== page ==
The Streamsong Resort & Spa lodge is seen in the background of the par-three 5th on the Blue Course. Note that the hole is tucked way to the right side of this green that has as many waves as an angry ocean.


As you climb to the first tee on the Blue Course or saunter over to the opening hole of the Red Course just a few steps off the practice putting green, you would be forgiven for mistakenly feeling as if you in the British Isles. Though Tom Doak explained that working side-by-side revealed the two design teams differences, to the casual golfer the two layouts appear designed by the same architect. Both layouts are designed for the ground game with firm, fast conditions. A shot to the fairway may roll sideways into a treacherous bunker or an approach to the wrong section of a putting surface may roll twenty-five yard off down a fairway or worse, into a hazard. Both layouts have large fast, firm putting surfaces that require vast imagination and skill to putt. In fact, during the time I played there, I would rank the Streamsong greens as the fastest ones of any public-access course anywhere! There are no “automatic” shots; there are subtle differences between the two layouts.


The 474-yard uphill 15th on the Red Course is one of the toughest at Streamsong. When played into the wind, it requires to might hits to be putting for a birdie and by all means avoid that deep cavernous fairway bunker to the left!


Bill Coore and Ben Crenshaw designed the Red Course. Beyond it featuring more water in play, the Red Course features many little mounds capped with sand – almost like chocolate drops topped with vanilla. There is nothing vanilla about either layout’s personality. Given the firm, fast conditions, its full length of 7,148 yards will not likely be the main challenge as will the fact that flying the ball to your target will mean little, particularly if the wind picks up.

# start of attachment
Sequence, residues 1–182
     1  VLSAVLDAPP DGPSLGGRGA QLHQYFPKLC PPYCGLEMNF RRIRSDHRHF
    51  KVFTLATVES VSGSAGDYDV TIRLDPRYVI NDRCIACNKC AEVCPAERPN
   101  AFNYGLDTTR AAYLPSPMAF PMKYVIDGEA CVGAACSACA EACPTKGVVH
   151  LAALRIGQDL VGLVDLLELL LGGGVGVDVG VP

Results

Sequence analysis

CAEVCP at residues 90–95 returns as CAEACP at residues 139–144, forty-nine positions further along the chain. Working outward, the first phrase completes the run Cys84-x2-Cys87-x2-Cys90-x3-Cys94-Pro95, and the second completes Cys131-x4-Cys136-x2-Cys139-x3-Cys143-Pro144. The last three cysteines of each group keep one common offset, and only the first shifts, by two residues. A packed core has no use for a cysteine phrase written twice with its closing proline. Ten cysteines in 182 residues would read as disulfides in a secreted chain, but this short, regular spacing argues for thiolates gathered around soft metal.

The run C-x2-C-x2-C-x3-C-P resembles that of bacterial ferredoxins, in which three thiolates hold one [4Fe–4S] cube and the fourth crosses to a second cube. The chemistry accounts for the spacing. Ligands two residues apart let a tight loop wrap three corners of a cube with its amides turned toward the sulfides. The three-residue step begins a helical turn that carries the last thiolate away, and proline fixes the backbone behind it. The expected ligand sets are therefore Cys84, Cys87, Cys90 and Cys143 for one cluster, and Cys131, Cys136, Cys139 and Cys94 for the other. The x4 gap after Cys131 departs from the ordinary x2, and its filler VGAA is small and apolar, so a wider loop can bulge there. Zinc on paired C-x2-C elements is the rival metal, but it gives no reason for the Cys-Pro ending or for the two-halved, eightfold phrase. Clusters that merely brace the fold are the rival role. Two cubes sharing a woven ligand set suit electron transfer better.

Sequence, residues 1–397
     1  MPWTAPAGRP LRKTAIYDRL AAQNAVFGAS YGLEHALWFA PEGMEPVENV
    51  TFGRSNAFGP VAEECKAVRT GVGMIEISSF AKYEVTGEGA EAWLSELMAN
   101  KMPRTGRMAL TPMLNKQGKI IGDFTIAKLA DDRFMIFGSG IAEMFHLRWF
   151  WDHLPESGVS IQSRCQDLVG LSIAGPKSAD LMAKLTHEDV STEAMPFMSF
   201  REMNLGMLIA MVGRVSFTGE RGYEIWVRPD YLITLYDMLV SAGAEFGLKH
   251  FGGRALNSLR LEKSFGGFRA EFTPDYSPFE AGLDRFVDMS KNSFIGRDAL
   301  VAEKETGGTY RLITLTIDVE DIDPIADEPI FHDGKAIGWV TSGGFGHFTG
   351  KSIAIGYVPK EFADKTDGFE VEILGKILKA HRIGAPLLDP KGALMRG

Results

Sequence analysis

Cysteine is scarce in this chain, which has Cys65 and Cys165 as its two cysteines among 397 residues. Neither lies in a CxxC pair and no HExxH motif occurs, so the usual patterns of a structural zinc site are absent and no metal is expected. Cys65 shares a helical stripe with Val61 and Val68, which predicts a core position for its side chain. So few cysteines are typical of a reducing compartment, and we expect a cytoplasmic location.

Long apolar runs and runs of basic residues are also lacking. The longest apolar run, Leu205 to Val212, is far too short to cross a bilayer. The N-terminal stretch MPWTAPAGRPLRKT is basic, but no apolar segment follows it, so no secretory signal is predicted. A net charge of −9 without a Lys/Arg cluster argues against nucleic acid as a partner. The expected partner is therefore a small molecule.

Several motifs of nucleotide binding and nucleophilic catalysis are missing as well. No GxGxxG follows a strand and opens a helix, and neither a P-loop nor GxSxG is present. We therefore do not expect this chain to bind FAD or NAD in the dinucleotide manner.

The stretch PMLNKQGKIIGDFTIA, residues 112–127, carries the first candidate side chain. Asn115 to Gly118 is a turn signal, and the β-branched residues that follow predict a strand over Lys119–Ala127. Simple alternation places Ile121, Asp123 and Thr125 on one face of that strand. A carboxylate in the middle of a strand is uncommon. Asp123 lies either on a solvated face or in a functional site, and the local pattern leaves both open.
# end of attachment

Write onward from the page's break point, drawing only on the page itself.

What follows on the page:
The challenging first hole on the Red Course will surely be sufficient to get your heart pumping a little stronger. For many, it plays more like a short par-five with its elevated putting surface that as shown below is anything but routine to putt.


The Red Course begins its challenge right out of the box. If you can earn a par on the first hole, you are either lucky or good as this 474-yard par-four with its elevated putting surface can often play as a three-shotter. The next hole begins a series of holes that feature lateral water hazards and slight angles to test your skills and judgment. These swampy ponds were actually once the phosphate mining pits. While most of the tee-shot landing areas are actually very generous, you may be tempted to play close to the water to shorten the holes, but hole after hole you had better employ a “fairway first” strategy. The Red Course with its more plentiful water hazards and fairway bunkers demands a bit more in-your-face strategy beginning right at the tee and is a bit more penal off the tee that its sister Blue Course. As such, some describe it as more of the shot-maker’s test and I would definitely recommend utilizing a more forward tee.